- If this is a high-priority issue that will be escalated, key stakeholders need to be notified. Key stakeholders may include the client’s Customer Success Manager, Account Executive, and members of the Executive team.
- Hand-off to the appropriate team to either resolve or find an acceptable workaround for the issue for the client.
Note: The Escalation Manager, or a similar appropriate role in your business, should oversee customer escalations as they flow between team members, both internal and in the customer’s business.
Investigating the complaint
The clock is ticking for the client and the managers involved with this issue.
During this time, as your internal teams are working on this ticket, the escalation manager will need to:
- Continue to communicate with empathy to the customer throughout the escalation process, keeping them up to date on your process, reinforcing your awareness of the issue’s impact on their business, and the SLA.
- Communicate with the technical managers or those managing to fix the issue, to get status updates without distracting them from doing their work. They need to understand the urgency of the escalated issue and its SLA, but need the space to provide a satisfactory resolution.
Note: If this problem impacts other customers, you need a communication strategy to update all those potentially affected. You also want to ensure your service agents understand the scope of the issue, and concerns customers will be calling with and are prepared to respond with approved messaging.
The resolution may be a proper fix or temporary workaround. The goal is to get your customer to a good place and provide them with a solution that reduces their pain.
Once the issues are corrected and everyone is comfortable with the quality of the solution, you need to shift your concerns to a post-mortem.
Meet with everyone involved, from the initial service agent, the CSM, AE, technical staff, and others to dig into:
- What was the root cause of the issue?
- What could we improve in how we handled these issues to ensure future client escalations are handled even better.
And, of course, your business teams may need to offer your customer concessions depending on the severity of the issue, training for your teams may be needed to improve the processes, you may need to create new documentation, and so forth.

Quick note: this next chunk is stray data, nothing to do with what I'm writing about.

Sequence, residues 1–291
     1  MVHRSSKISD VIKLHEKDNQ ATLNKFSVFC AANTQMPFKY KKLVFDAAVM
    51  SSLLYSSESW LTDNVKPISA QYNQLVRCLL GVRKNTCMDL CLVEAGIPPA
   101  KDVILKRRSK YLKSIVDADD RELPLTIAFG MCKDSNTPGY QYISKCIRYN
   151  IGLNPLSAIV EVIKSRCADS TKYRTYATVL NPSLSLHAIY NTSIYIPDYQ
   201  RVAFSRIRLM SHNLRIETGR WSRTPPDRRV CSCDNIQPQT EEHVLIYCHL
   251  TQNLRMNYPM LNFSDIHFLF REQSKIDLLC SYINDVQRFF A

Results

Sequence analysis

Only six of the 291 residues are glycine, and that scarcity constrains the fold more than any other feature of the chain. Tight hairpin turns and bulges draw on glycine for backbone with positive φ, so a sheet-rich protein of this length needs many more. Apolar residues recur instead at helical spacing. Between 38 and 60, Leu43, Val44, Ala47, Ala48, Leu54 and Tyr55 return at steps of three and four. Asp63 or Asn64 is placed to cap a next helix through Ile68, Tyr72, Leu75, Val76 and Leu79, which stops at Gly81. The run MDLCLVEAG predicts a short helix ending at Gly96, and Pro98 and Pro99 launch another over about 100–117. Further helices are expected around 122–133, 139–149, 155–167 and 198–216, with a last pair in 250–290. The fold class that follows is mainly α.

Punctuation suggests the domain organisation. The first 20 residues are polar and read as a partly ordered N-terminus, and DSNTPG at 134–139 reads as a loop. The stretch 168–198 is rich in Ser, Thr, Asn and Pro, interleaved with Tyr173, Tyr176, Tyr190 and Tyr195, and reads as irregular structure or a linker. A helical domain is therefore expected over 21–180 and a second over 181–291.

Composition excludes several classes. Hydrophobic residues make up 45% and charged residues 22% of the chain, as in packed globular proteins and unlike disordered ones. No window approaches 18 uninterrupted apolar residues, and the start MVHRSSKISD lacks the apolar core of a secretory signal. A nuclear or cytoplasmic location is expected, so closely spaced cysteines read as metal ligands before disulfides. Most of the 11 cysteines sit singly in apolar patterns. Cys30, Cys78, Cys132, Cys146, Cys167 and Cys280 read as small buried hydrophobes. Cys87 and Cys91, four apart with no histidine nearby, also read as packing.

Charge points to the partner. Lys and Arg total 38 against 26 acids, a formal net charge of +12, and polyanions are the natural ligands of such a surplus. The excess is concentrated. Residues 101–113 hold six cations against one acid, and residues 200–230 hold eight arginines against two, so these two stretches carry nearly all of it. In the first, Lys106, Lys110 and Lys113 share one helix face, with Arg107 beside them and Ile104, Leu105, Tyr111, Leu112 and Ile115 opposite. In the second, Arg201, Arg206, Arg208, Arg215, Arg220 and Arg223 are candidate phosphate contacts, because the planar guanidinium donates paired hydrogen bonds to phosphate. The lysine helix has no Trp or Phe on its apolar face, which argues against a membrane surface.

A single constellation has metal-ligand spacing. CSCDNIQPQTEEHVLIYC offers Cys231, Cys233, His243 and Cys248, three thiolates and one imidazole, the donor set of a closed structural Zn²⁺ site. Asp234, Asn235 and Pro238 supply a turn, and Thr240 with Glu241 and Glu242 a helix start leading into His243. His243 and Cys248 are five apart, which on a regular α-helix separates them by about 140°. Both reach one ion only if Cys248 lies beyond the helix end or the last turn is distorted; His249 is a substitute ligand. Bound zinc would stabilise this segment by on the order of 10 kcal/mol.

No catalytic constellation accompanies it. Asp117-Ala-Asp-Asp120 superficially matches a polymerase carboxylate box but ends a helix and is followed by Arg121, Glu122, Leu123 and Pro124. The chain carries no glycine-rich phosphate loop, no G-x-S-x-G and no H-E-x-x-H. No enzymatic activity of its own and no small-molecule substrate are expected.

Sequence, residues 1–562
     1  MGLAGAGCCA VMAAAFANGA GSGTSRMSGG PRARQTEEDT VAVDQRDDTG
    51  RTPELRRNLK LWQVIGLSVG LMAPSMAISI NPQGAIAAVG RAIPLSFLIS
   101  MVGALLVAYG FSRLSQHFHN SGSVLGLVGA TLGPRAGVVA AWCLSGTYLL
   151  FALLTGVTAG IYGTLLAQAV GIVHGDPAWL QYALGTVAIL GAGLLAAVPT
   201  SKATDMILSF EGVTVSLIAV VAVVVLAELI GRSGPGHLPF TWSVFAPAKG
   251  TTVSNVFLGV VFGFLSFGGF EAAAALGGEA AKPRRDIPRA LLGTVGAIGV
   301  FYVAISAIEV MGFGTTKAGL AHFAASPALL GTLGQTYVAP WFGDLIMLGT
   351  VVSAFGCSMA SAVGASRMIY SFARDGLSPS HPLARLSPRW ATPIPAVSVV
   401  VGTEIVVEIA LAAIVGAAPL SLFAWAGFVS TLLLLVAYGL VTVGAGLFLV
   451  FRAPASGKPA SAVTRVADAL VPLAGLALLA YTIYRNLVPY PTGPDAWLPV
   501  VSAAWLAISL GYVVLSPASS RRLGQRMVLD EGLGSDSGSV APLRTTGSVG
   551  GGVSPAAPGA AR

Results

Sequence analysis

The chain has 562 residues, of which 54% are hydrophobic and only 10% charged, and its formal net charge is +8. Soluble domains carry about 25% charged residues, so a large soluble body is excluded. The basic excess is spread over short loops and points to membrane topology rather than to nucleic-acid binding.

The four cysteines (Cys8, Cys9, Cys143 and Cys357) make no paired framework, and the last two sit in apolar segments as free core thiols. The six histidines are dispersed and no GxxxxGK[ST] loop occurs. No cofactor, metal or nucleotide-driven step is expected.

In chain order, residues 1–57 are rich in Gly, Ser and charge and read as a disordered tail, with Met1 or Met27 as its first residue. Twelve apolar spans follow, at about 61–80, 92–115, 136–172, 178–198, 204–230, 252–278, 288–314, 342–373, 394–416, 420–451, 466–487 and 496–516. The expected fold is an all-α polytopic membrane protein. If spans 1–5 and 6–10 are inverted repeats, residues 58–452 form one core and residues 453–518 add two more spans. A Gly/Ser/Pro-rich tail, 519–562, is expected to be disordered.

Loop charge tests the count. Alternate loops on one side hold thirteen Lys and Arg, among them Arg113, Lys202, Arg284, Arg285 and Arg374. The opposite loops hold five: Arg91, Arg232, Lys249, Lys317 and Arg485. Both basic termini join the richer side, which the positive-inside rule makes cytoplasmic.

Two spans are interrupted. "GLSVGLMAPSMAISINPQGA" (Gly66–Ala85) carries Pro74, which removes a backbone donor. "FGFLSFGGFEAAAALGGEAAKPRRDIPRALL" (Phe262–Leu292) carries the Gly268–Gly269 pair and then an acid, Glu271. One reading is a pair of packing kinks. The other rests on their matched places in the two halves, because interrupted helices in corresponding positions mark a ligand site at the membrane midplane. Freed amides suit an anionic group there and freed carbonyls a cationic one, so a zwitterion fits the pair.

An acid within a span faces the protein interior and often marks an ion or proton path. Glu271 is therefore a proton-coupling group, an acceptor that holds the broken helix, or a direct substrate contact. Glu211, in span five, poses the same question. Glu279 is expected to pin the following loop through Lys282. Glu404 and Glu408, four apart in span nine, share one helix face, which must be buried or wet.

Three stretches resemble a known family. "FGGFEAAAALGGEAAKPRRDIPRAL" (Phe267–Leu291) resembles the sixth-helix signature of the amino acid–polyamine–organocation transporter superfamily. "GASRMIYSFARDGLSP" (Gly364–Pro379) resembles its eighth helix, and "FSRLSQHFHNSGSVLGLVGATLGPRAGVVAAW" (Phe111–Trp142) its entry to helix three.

15 best practices and tips for delivering excellent escalation management:
“Did you know that after one negative experience, 51% of customers will never do business with that company again? Customer support teams can either be a huge business driver to keep every hard-earned customer, or a source of frustration and churn.”
#1 Provide multiple pathways for issues to be raised
Phone calls, emails, social media, carrier pigeons, and smoke signals.
While ultimately a business decision, the more pathways customers have to interact with support agents the better.
#2 Dig into issues, don’t ignore them
Customer complaints need to be taken seriously.
Understand the issue fully, investigate, and respond quickly.
#3 Resolve promptly
Find a fix or workaround for their issues in a timely manner.
Frustrated customers will appreciate the effort. This will create a positive impression on the client and buy you time.
#4 It’s a team effort
Customer service escalation management should be everyone’s top priority.
Pull in the appropriate department and ensure that everyone understands the urgency of solving the customer’s problem.
#5 Contact and keep the customer updated
Don’t assume the person is happy knowing you are working on it and happy to wait.
They are not, update them frequently and ensure everyone is on the same page.
#6 Ask the customer how you are doing and if they are satisfied
If they are not happy with how you solve the issue or your skills in communicating updates, find out from them and figure out how to do better.
If you did not give them a real fix, or missed the SLA, warm up your relationship skills as you will be having an unpleasant conversation.
#7 Be proactive
An essential part of the escalation process is to improve your business. How can you use the experience of these customers to ensure others don’t encounter similar problems with your service.
Teach every customer service agent the importance of proactivity.
#8 Continuously improve
Use the post-mortem to improve regularly, and set aside time each quarter to sit with the right people in your business to review, reflect, and make the whole thing better.